I C(Sharp) Your Clipboard Contents

Justin Bui
4 min readApr 12, 2019


Clipboard Monitoring

Have you ever wondered what occurs when you push Ctrl+C or right click some highlighted text/image and click copy on Windows?

We’re going to look into detecting changes to the clipboard, clipboard events, and reading the data copied to the clipboard. Additionally, we’ll read the user’s current active window for additional context on where the user was copying data from. We will achieve this with a Windows form and .NET’s Platform Invoke (P/Invoke) functionality. The ability to P/Invoke provides interoperability and allows us to call unmanaged DLLs within our managed C# code.

Clipboard data can be useful during a penetration test to defeat some password managers or can provide additional context about your target in conjunction with screenshots and keyloggers.

Detecting Clipboard Events

Anytime the clipboard is updated, a WM_CLIPBOARDUPDATE message is sent to all windows registered in the clipboard format list. A window can be added to the clipboard format list using AddClipboardFormatListener(). Additionally, the WndProc() method processes all messages for any given Windows form.

Knowing this, we are able to use AddClipboardFormatListener() to add our Windows form to the clipboard format list. Once it is part of the clipboard format list, our Windows form will receive WM_CLIPBOARDUPDATE messages which we can listen for by overriding the WndProc() method. When a WM_CLIPBOARDUPDATE message is received, we can read the data from the clipboard or perform any other actions when the contents of the clipboard are changed.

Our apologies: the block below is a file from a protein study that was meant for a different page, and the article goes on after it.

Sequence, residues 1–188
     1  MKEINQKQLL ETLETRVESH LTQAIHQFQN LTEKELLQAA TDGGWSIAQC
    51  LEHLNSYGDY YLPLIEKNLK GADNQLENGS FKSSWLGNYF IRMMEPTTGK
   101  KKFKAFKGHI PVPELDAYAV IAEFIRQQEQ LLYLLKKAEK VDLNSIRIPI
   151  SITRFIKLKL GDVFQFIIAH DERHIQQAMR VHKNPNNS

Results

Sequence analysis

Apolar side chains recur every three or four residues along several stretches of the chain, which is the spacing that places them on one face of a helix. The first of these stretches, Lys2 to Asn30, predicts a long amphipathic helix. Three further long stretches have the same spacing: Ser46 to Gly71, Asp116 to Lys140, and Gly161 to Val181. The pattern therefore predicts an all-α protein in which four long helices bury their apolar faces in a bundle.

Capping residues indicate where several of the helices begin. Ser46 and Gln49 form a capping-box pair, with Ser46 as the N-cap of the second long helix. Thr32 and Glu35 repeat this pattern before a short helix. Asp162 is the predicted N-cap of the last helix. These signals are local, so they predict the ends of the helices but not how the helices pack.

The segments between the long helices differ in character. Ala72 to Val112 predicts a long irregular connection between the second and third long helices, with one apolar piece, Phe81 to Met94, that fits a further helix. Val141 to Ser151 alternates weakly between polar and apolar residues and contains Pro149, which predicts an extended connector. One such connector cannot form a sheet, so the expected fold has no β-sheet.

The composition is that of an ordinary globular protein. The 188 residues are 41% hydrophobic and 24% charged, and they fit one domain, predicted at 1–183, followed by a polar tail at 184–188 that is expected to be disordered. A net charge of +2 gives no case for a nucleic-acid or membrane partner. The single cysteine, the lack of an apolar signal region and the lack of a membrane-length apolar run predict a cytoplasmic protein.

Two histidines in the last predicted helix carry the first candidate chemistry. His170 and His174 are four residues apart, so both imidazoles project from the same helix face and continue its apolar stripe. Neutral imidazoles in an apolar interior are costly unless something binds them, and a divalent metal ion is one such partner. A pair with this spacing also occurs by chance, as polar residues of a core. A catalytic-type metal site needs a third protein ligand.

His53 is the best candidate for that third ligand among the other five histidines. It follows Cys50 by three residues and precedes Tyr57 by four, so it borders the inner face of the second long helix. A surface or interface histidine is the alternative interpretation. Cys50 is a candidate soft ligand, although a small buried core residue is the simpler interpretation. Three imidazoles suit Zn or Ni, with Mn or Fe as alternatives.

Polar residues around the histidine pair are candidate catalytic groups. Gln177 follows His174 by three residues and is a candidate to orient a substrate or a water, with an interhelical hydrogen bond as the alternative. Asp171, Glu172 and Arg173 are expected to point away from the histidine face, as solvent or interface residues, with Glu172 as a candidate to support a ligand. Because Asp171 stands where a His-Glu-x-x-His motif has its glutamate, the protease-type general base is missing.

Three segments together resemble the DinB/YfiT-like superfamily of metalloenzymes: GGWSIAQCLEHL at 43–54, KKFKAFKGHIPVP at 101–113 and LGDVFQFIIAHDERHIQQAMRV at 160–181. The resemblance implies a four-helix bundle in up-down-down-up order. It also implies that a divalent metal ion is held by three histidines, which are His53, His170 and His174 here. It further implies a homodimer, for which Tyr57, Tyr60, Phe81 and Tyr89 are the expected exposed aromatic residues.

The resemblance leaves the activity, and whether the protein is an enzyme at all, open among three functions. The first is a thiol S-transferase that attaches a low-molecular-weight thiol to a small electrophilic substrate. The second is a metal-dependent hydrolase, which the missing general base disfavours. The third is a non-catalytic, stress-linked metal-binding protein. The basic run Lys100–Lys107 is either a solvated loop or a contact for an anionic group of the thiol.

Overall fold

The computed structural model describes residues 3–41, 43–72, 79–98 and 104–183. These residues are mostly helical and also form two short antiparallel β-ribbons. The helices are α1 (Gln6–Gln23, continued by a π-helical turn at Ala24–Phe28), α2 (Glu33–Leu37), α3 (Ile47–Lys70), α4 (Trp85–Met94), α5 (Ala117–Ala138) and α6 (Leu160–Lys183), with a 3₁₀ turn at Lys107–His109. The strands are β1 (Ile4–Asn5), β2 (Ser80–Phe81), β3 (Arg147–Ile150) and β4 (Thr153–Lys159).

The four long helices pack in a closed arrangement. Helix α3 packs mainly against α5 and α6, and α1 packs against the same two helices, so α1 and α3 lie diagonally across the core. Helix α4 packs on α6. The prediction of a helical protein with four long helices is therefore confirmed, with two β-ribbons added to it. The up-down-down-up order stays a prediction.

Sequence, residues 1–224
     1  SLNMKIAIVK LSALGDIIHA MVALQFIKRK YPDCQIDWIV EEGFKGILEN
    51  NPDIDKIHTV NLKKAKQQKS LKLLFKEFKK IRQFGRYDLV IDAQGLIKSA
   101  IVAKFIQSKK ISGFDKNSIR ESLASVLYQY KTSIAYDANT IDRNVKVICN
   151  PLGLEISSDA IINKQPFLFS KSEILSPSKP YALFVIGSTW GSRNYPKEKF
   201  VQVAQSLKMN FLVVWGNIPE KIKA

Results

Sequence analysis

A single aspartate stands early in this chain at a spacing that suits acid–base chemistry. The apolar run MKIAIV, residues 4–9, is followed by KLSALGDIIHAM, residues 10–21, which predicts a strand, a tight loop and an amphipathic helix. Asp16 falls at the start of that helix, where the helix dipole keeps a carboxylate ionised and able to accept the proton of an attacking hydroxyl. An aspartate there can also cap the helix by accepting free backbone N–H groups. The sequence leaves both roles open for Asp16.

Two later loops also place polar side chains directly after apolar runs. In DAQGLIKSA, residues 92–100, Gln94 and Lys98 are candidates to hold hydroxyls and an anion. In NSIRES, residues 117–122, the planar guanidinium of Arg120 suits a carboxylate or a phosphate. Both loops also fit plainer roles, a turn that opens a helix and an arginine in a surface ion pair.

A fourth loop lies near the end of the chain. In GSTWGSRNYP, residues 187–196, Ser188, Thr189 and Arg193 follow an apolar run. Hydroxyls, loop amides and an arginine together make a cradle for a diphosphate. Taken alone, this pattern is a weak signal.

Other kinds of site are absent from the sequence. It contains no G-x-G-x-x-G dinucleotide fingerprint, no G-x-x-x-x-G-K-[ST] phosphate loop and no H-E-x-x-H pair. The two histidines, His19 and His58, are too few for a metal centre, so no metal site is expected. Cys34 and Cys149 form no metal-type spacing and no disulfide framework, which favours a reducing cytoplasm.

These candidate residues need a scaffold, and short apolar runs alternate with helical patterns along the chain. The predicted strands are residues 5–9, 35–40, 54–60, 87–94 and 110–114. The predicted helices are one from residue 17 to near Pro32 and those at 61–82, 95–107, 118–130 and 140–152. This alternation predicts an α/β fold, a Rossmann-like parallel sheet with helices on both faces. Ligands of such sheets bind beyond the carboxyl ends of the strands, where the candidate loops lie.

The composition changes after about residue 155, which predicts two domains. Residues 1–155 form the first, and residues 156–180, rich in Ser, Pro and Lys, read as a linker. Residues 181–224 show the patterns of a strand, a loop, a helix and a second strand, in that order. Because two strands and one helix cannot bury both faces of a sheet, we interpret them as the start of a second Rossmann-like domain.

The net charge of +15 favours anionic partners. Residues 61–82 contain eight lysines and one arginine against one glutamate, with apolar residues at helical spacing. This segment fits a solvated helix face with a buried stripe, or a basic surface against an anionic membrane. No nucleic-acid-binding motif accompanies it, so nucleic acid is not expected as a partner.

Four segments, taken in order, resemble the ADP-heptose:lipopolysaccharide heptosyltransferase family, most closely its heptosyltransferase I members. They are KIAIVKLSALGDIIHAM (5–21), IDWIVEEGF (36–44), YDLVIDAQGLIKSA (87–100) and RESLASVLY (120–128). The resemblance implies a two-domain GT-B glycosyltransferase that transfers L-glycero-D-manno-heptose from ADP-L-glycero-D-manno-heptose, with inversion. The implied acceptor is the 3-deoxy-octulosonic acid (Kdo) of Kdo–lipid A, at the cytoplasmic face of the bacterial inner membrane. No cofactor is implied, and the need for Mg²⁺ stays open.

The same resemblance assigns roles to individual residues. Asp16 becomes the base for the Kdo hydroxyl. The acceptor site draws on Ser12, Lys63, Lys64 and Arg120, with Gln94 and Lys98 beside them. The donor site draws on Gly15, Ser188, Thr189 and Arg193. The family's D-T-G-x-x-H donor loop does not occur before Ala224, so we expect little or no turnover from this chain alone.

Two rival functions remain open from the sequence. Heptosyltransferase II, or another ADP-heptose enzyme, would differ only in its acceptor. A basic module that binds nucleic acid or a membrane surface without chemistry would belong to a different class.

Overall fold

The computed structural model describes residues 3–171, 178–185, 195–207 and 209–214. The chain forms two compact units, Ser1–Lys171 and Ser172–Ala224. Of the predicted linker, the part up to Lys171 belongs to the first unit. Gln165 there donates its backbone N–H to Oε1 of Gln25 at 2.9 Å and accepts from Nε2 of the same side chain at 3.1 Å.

Most of the code I will be showing is not original work. I’ve simply moved things around, added some functionality and added additional comments. I’d like to preface this section with the following links:

The gist and the two stack overflow posts are the main source for most of the code I used.

The NativeMethods class holds various constants and native Windows functions that we are calling through P/Invoke.

Originally, I assigned the STAThread attribute to the Main() method. However, when using execute-assembly in Cobalt Strike I ran into the following error.

It seemed that the STAThread attribute was not being assigned to the Main() method when using execute-assembly. The Clipboard class serves to override the Clipboard.GetText() method so that we can assign the STAThread attribute to our thread and retrieve the clipboard contents.

The ClipboardNotification class adds our window to the clipboard format listeners list and overrides the WndProc() method. When our window receives the WM_CLIPBOARDUPDATE message, the user’s current active window is sent to standard output as well as the contents of the clipboard.

Below is an example of the output from testing:

Below is some testing against common password managers such as Keepass and 1Password:

As you can see, we were able to identify when the clipboard is updated in order to read the clipboard contents and the current active windows. Thanks for reading! You can find my code at https://github.com/justinbui/SharpClipboard. I hope you learned a little about the Windows clipboard or C# today. If you spot any errors, please let me know by Twitter (@slyd0g) or by e-mail (justin.bui.ee@gmail.com).

Considerations / Future Work

  • If using this with Cobalt Strike, it will keep a post-exploitation process spawned (as set by spawnto) which could lead to detection. You will have to manually kill the job using jobkill.
  • I plan to create a small aggressor script to start/stop the clipboard monitoring. Eventually, I want to create a copy event store similar to the credential store already in Cobalt Strike.


Originally published at grumpy-sec.blogspot.com on April 12, 2019.



Justin Bui

I break computers and skateboards and write about the former